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Lawsuit wants Minntac discharge regulated

A sign near the entrance to Minntac. (2015 file / News Tribune)

Environmental groups on Wednesday filed suit in state district court against the Minnesota Pollution Control Agency saying the state has failed to enforce water pollution limits on U.S. Steel’s Minntac taconite plant in Mountain Iron.

The groups say the PCA has failed to uphold limits for known pollutants leaking from the Minntac tailings basin, noting the taconite operation’s most recent water pollution discharge permit expired in 1992.

The tailings basin, which is where waste rock from the taconite pellet-making process ends up, holds water that carries several pollutants, some of which aren’t listed in the most recent Minntac permit and which the state knows are hazardous, the lawsuit alleges, including sulfates that are known to harm wild rice.

The suit was filed in St. Paul by the Minnesota Center for Environmental Advocacy, the Save Lake Superior Association and Save Our Sky Blue Waters.

State regulators, environmental groups, taconite producers and state lawmakers have been debating for years how much, when and where to enforce pollution limits for sulfates and how those limits should be applied to the taconite industry, one of several industries that produce sulfates as a byproduct. High levels of sulfates are believed to create hydrogen sulfide in the water which severely restrict wild rice’s ability to obtain nutrients, starving the plant.

The plant uses about 3,200 gallons of water per minute to slurry fine tailings material, like sand, to the basin for disposal, according to PCA documents.

The nearly 8,000-acre tailings basin is designed to leak to avoid overflowing, potentially millions of gallons daily, and the lawsuit says that’s contaminating local waterways and “has wiped out once abundant wild rice in nearby lakes. The tailings storage facility was built in the 1960s, prior to modern environmental laws. But it must comply to these laws now, and it does not.”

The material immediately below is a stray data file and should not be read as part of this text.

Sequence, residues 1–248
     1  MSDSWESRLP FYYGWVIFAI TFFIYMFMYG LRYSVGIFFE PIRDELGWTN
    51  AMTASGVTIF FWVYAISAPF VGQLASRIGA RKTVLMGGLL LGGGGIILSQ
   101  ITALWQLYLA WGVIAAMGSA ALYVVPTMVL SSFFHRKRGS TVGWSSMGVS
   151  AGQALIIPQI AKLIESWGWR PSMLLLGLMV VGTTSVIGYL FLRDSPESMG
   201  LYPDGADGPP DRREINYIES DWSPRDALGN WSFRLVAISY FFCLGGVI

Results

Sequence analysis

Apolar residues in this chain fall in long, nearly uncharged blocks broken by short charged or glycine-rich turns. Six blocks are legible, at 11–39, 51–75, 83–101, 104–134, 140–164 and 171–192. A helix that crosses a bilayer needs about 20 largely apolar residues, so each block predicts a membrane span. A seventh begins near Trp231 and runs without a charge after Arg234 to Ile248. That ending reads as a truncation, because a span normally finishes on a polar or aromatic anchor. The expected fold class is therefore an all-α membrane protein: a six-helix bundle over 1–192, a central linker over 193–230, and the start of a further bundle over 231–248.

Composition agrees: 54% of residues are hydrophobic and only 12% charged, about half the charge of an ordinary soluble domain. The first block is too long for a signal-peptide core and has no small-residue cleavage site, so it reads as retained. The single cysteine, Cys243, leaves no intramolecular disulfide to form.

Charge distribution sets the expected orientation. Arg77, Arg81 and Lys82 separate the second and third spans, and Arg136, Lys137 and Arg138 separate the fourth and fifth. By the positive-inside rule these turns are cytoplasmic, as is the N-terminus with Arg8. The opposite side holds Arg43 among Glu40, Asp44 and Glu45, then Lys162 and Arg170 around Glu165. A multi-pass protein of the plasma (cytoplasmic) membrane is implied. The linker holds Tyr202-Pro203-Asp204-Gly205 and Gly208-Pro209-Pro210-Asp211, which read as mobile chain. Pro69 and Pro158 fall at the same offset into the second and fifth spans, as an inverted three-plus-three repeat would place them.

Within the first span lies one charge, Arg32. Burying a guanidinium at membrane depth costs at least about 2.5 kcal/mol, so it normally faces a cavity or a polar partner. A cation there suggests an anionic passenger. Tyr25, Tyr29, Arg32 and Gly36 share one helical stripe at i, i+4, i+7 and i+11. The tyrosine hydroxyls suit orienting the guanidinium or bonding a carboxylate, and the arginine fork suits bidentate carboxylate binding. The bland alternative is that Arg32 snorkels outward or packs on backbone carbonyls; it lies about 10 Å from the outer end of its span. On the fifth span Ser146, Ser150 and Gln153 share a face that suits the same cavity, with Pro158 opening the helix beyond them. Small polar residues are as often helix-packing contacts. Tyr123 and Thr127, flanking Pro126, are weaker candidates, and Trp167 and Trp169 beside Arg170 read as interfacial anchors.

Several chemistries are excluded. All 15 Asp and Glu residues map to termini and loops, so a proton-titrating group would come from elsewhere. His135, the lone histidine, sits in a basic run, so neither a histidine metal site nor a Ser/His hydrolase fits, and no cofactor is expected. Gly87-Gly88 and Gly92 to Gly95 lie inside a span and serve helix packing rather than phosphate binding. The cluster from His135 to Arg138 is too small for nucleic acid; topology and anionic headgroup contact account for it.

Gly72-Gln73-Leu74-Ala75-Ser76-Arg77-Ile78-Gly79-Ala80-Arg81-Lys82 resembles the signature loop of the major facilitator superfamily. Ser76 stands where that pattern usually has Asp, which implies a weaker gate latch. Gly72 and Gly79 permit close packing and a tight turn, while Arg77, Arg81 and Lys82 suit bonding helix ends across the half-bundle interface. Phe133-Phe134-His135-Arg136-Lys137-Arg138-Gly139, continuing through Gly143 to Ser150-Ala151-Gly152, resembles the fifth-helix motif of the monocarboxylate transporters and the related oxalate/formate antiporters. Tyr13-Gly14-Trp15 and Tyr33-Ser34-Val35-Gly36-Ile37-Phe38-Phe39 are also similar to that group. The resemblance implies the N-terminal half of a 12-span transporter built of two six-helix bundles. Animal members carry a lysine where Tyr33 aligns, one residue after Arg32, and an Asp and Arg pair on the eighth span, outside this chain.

“Companies across the state of Minnesota are required to comply with the Clean Water Act. We only expect U.S. Steel to be held to the same standard as everyone else,” said Hudson Kingston, staff attorney for the MCEA, in a statement announcing the suit.

The lawsuit claims that pollutants in excess of state limits are leaving the tailings basin and adversely impacting the Dark River and Sand River watersheds, including nearby lakes like Sandy Lake, Little Sandy Lake and Twin Lakes. The 38-page suit says pollution limits are exceeded for sulfate, hardness, dissolved solids and bicarbonates and asks the court to impose a new permit with specific limits, by a specific date, on the Minntac discharges.

Dave Verhasselt, PCA spokesman, said the agency is aware of the lawsuit but can’t comment on it at this point. Sarah Cassella, director of communications for U.S. Steel, said the company would not comment on the lawsuit.

Minntac is the largest taconite iron ore mining and processing operation in the U.S. with production up to 16 million tons per year and 1,500 employees. The facility came online in 1967 and was expanded in 1974.

Taconite industry supporters have said the sulfate pollution is not impairing local waterways and that forcing taconite plants to further treat discharge would cost millions of dollars and make the Iron Range plants non-competitive in an increasingly global iron and steel market.

The lawsuit comes after another environmental group, Water Legacy, petitioned the Environmental Protection Agency to check up on the PCA’s enforcement of federal water pollution standards as applied to the iron ore mining industry. EPA officials have been checking PCA files in Duluth and St. Paul and meeting with PCA officials. It’s possible the federal regulators could take over regulation of the state’s mining industry pollution permits if the feds find that the state has not enforced the laws properly.